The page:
NEWBERRY — In her second year of competing, Kekola Boyd participated in bowling at the 2018 Special Olympics in Seattle, Washington where she returned home with two silver medals and a fourth place award.
But before Boyd boarded the plane to Seattle, she had to go through eight weeks of training in Greenville to prepare.
“After she was chosen to go to Nationals we got training set up where Andrea Reel, one of the assistant coaches, helped to take her after hours almost weekly, sometimes twice a week, to make sure she was up to par for her trip to Seattle,” said Special Olympics Coach Mary Catherine Reynolds.
Boyd said her favorite part of bowling is throwing the ball down the lane and getting strikes.
This was a trip of many firsts as Boyd had also never flown before, she said she was ready to panic when the plane took off, but remained calm.
“The plane ride was scary at first, when it took off I was ready to panic, but I just said I’ll be alright, we prayed about it,” she said.
Once the plane touched down in Seattle, Boyd and the rest of the Special Olympics participants were able to take in all of the sights and sounds, Boyd said overall she had a good time.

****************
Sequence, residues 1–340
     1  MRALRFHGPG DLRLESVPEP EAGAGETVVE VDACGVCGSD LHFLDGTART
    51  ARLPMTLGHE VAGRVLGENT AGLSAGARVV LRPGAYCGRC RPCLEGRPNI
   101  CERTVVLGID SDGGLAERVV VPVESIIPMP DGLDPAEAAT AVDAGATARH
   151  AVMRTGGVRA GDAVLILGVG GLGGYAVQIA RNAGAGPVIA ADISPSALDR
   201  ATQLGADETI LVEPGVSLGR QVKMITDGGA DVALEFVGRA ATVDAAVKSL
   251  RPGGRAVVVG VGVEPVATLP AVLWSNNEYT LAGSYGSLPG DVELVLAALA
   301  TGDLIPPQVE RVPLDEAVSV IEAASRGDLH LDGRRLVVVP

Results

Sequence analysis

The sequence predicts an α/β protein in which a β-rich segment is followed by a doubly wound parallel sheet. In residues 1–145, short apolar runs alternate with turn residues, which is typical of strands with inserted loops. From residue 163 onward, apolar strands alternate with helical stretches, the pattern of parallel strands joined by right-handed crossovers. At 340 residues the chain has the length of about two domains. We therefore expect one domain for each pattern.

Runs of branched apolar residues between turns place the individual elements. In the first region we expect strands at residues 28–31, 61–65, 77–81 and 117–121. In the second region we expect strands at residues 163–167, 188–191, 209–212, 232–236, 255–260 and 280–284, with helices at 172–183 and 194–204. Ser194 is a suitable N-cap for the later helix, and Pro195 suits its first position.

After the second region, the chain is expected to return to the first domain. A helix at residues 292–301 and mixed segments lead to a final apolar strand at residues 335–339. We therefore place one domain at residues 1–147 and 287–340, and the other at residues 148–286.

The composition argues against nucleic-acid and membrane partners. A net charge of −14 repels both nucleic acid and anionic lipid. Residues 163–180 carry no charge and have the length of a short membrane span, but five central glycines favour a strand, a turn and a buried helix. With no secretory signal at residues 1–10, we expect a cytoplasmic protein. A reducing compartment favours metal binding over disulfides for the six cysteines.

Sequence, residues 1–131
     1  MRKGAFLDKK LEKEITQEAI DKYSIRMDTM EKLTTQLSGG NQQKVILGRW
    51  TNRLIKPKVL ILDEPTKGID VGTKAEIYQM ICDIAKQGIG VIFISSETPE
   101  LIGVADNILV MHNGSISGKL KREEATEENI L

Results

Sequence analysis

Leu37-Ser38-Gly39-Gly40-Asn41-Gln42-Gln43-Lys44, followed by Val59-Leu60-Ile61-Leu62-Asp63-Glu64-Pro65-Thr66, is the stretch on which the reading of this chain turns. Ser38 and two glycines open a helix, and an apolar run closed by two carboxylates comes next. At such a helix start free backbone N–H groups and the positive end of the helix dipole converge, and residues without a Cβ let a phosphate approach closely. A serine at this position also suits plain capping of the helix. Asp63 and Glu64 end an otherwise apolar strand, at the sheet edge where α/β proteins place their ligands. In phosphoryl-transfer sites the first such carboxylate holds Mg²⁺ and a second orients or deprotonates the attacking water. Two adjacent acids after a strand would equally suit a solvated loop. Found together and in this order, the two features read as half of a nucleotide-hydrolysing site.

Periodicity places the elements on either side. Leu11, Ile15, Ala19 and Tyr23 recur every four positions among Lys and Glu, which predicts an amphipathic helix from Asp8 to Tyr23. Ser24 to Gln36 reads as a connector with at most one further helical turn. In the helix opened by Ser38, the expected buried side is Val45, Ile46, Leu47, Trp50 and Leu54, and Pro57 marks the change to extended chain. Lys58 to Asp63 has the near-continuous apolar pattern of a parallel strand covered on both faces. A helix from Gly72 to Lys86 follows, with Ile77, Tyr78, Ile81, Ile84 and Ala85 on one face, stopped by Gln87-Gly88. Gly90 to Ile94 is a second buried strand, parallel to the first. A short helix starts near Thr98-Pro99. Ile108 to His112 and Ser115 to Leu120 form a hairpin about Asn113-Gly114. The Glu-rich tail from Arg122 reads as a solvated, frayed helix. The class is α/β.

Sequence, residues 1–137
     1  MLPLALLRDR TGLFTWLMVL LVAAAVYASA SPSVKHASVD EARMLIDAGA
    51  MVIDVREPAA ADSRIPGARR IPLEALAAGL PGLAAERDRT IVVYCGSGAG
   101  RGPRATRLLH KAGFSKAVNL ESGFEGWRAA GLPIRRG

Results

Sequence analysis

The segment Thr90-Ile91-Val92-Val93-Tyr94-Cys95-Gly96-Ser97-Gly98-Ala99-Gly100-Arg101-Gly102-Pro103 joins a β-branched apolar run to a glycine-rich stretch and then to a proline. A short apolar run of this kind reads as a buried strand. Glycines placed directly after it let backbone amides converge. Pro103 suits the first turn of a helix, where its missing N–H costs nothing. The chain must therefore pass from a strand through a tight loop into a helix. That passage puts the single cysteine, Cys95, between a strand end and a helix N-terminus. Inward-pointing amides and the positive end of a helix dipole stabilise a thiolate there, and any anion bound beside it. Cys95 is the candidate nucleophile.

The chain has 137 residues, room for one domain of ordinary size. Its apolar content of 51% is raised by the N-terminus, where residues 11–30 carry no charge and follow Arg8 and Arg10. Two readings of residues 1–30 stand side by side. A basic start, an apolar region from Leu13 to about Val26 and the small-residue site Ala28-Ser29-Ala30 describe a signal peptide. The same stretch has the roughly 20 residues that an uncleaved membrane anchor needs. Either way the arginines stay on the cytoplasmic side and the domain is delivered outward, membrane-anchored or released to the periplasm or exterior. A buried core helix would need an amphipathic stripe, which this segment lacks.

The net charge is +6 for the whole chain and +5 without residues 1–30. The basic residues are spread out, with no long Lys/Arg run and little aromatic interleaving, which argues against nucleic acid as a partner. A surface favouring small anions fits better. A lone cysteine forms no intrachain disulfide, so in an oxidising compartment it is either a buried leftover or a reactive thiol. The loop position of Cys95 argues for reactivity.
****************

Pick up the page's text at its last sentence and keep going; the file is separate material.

“My favorite part was the opening ceremony, it was really nice, I really enjoyed myself, the weather was nice and I had a good time,” she said.
Throughout the competition, Boyd was also able to meet new people and exchange pins with other participants.
“They have a different pin for all the United States and all of the participants were given a certain amount and they could trade them out to see how many they could get,’ Reynolds said. She added that Boyd ended up with a lot of pins.
Boyd hopes that she will be able to return to the Special Olympics in the future and come back home with the gold. Reynolds said that although they were cheering in South Carolina it was nice to be part of the experience.
“It was exciting to be part of it a little, we would’ve loved to have been there to see it, but we were still rooting for them and praying for them for safe travels, this was Kekola’s first time so we were really excited for her and her mom and that her mom was able to go with her,” she said. “It was a lot of paperwork and training, but it was all worth it, it helped Kekola bring medals home.”
Reynolds also extended a thanks to those who played a role in helping Boyd along with Andrew and Todd Johnson get to the Special Olympics.
“I’d just like to thank all of the community especially Komatsu, they were a big supporter in helping to raise the funds for Kekola and for Andrew and Todd Johnson, we raised the money for all three to go and they were paid in full. They actually got spending money, too, which the Ruth S. Pugh Foundation gave them so all three would have spending money to go,” she said.
Reach Kelly Duncan at 803-768-3123 ext. 1868 or on Twitter @TheNBOnews.